For our inaugural 'How I got this picture' post, we're talking to Dave Kirby about Jokulsarlon Two. One of the beautiful images in his Iceland series.
Jokulsarlon Two ©Dave Kirby
Film Used – ILFORD FP4+
Format - 120 film in 6x6 format
Camera - Bronica SQ-A
Lens – 80mm PS
Exposure time – 57s
Other equipment – The cheapest, naffest tripod money could buy (now broken), 10 stop filter, hat!
Jokulsarlon, South Coast, Iceland.
Tell us the story behind this image. What inspired you to shoot it?
Jokulsarlon is an incredible, amazing place. Pieces of ice break off a nearby glacier and float across the glacial lagoon and out to sea where the waves then push them back to shore to beach upon the black volcanic sand. There were blocks of varying sizes and shapes scattered all over the shore and I just had to get to photographing them. This block was particularly well-sited because the water was just starting to reach it as I approached, meaning that I would have time to get setup and expose a few frames of film before the tide came in too far. We don’t get this kind of landscape in England so I was very eager to shoot at this location.
Absolutely. The first challenge was finding a quiet spot on the beach where there was no threat of someone walking in front of the camera. Jokulsarlon is a hugely popular destination in Iceland and it is often packed with people. Fortunately, most people tend to dislike straying too far from the car, especially in cold places, so a quick walk up the coast found me the ideal quiet spot.
The next challenge was the tide. It was coming in and every now and then a wave would have that little bit of extra energy and come shooting inland much further than the previous one had. Keeping an eye on the waves and timing the exposure so that the whole of the foreground wasn’t water was key to ensuring that the image had the composition I wanted. Of course, with long exposures of water you can never truly know how the image will finally turn out, but I had a good idea of what I wanted. By the time I had finished shooting this ice block I also had wet feet – always pack spare socks people!
Setting up the tripod and getting the composition sorted was the first step. It is important to make sure that the tripod is level and stable, especially when doing long exposures, and especially when on the beach as if a wave comes in and washes away the sand which your tripod is bedded on you have lost your exposure and maybe even your camera.
I knew I wanted to do a longer exposure so I dug out my 10 stop filter. I used a Pentax Spotmeter V to meter the scene and set the appropriate exposure, then went through the awkward steps of doing a long exposure on my camera. (The Bronica SQ-A, although it can do long exposures, does not make this an easy task – especially with cold fingers). With metering, the key was striking a balance between getting sufficient detail in the dark sand and maintaining the highlights of the ice and sea.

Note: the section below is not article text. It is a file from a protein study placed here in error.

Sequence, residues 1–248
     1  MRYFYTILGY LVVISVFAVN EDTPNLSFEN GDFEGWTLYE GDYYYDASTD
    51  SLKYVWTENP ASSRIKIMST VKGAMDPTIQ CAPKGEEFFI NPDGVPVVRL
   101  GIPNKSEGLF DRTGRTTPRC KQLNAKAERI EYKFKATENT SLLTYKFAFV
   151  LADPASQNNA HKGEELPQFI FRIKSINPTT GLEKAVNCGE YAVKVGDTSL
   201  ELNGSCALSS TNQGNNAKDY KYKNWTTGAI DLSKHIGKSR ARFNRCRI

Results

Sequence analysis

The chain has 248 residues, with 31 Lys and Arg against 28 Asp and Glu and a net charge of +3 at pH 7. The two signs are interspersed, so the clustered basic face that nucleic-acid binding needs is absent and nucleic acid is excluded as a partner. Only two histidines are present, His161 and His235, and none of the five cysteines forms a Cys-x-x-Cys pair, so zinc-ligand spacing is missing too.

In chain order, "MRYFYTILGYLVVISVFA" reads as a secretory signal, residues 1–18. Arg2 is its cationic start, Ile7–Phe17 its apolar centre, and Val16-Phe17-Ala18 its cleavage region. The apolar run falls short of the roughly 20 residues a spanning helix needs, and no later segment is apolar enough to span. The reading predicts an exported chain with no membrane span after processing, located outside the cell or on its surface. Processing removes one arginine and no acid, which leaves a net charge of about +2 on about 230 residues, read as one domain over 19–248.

The film was developed in Rodinal and ILFORD stop bath and fixer was used to complete the process. I like to use Rodinal because it lasts forever and strikes a good balance between grain size and sharpness. I have determined my own development times for ILFORD FP4+ based upon my own developing procedure and would encourage anyone who likes to experiment and get technical in the darkroom to do the same.
I know that some people like to scan their negatives but I’m definitely a printing man. You simply cannot beat the feeling of seeing the image appear on the paper in your developer tray, or of holding a mounted print in your hands after really working a negative to get the desired result.
The whole of my Iceland series was printed on ILFORD MG FB Classic paper in matt finish. I know that the glossy version of this paper gives deeper blacks but I just love a matt finish, plus it beats glossy finish when it comes to retouching.
With this image, I wanted to ensure that the white of the sea was not too light as that would make the highlights in the ice block look too dark and detract from the main subject of the image. As the base exposure of the print was determined by the tonality of the water highlights the tonalities of the other areas of the image were achieved by dodging and burning. A little burning-in was added to the sand at the bottom-right of the frame in order to darken them down somewhat. The body of the ice block also needed a little dodging to lighten it up a bit, and the sky needed to be darkened a little too
Huge thanks to Dave for kicking off this series for us.
You can find more of Daves images from his Iceland series as well as links to his website and social channels in the About section below.
If you would like to contribute to a future post in this series, then please get in touch.
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